In fact, one important issue that York Electric Cooperative is facing is the need for new power generation. We share this concern with the other 19 South Carolina electric cooperatives and other utilities across the Southeast. On page 12D, you will find the first of three consecutive articles explaining this concern. Next month, we will discuss what we are doing about this issue. The following month will discuss how we are planning to move forward.
We’re always looking out for you and embracing the fact that knowledge and transparency are the keys to power for our members.
President and Chief Executive Officer
The lights went out for many South Carolinians and other consumers across the Southeast on Christmas Eve and Christmas Day in 2022. As many families prepared for their holiday traditions, leaders in the electric industry were working diligently to address the likelihood of implementing planned power outages, known as rolling blackouts, as our power grid was pushed to the brink. Let’s talk about why this happened.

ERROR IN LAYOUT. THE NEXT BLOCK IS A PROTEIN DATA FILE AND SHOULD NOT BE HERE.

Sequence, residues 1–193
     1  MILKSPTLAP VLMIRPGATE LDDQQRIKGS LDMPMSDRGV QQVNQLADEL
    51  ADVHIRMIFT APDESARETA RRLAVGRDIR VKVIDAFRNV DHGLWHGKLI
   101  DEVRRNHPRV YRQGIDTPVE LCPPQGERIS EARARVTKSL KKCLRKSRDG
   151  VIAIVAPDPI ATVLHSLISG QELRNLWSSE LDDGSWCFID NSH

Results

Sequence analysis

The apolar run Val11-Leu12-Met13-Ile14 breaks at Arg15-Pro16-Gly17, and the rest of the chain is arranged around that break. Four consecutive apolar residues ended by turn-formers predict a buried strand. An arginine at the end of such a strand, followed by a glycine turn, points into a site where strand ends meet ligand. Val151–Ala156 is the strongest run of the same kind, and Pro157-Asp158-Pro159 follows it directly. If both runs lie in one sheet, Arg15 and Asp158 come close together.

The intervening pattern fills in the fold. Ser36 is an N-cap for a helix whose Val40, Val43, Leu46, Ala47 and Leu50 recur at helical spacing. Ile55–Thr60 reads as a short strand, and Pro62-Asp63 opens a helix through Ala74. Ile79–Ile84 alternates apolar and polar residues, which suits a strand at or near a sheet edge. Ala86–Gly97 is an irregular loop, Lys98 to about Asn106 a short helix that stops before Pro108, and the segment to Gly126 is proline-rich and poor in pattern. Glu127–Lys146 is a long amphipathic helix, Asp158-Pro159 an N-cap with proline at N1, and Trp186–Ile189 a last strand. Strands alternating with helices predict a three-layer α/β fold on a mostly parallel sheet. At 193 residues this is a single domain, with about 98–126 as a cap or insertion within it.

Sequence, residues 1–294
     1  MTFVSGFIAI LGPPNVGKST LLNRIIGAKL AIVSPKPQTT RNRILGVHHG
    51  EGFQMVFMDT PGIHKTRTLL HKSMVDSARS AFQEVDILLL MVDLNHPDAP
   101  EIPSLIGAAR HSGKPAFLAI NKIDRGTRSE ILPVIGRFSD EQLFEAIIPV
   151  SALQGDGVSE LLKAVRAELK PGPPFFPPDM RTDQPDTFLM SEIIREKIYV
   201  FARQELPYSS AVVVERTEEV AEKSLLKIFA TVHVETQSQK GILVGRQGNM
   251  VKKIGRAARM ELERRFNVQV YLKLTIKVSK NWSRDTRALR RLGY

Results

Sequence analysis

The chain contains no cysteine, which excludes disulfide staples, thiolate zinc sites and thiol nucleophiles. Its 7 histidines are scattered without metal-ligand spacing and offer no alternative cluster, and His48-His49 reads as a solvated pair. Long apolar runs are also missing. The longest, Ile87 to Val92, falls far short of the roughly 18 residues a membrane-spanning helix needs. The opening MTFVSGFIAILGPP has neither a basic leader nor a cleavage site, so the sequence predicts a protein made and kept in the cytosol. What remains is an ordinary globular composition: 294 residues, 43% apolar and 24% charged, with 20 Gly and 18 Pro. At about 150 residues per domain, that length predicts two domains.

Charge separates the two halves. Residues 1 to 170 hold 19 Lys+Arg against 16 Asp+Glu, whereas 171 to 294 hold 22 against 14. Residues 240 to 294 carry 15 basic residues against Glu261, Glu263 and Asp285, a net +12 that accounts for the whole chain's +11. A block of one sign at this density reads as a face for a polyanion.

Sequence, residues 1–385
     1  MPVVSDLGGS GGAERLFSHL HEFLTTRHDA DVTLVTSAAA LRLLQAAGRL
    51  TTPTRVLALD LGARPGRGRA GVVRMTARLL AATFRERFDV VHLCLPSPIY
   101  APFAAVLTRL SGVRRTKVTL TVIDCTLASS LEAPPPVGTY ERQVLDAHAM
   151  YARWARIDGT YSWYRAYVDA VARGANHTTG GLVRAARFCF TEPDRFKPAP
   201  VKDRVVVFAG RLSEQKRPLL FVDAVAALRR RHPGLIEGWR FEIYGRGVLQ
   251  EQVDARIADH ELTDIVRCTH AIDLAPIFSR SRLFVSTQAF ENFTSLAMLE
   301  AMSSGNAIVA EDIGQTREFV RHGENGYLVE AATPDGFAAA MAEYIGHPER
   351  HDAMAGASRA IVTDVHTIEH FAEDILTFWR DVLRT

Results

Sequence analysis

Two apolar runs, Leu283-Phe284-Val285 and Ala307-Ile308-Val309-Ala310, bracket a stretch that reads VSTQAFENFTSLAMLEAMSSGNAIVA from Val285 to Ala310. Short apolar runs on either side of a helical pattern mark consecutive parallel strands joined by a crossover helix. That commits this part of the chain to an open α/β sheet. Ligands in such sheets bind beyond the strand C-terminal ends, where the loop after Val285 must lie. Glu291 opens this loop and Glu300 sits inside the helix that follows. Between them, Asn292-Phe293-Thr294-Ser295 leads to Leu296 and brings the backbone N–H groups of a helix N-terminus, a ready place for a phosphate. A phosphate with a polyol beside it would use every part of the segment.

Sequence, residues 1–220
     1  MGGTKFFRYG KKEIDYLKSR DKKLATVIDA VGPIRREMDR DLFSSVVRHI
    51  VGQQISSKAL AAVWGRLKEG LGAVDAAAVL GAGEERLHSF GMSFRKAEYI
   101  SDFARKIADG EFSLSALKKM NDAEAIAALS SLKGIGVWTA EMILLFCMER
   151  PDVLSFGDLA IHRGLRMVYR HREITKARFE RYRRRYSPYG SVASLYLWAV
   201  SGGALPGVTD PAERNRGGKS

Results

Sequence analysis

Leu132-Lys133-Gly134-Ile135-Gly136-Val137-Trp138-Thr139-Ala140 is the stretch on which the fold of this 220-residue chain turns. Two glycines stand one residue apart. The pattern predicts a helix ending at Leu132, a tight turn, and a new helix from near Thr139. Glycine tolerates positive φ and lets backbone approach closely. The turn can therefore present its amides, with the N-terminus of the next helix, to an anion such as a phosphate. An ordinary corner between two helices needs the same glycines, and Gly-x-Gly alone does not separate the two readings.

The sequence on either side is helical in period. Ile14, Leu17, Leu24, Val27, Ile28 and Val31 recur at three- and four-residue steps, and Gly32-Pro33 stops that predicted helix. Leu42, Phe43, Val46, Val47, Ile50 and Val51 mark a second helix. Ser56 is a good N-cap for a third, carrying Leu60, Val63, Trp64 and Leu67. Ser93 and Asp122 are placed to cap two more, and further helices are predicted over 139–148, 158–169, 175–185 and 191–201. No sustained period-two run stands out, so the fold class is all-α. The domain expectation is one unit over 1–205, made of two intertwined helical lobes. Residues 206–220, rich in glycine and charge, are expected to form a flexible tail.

This incident was caused by a combination of extreme, low temperatures and a growing power supply crisis. This meant, for some, there wasn’t enough electric supply to go around.
The increasing concern and reality of generation shortfalls to support the reliability we have promised and provided our members is on the minds of your co-op’s leadership, the cooperative leadership throughout our state and cooperative leadership throughout our country. Environmental regulations regarding fossil fuel generation are creating new roadblocks and challenges as the utility industry works to plan for future electricity needs and mitigate future emergencies like we saw last Christmas.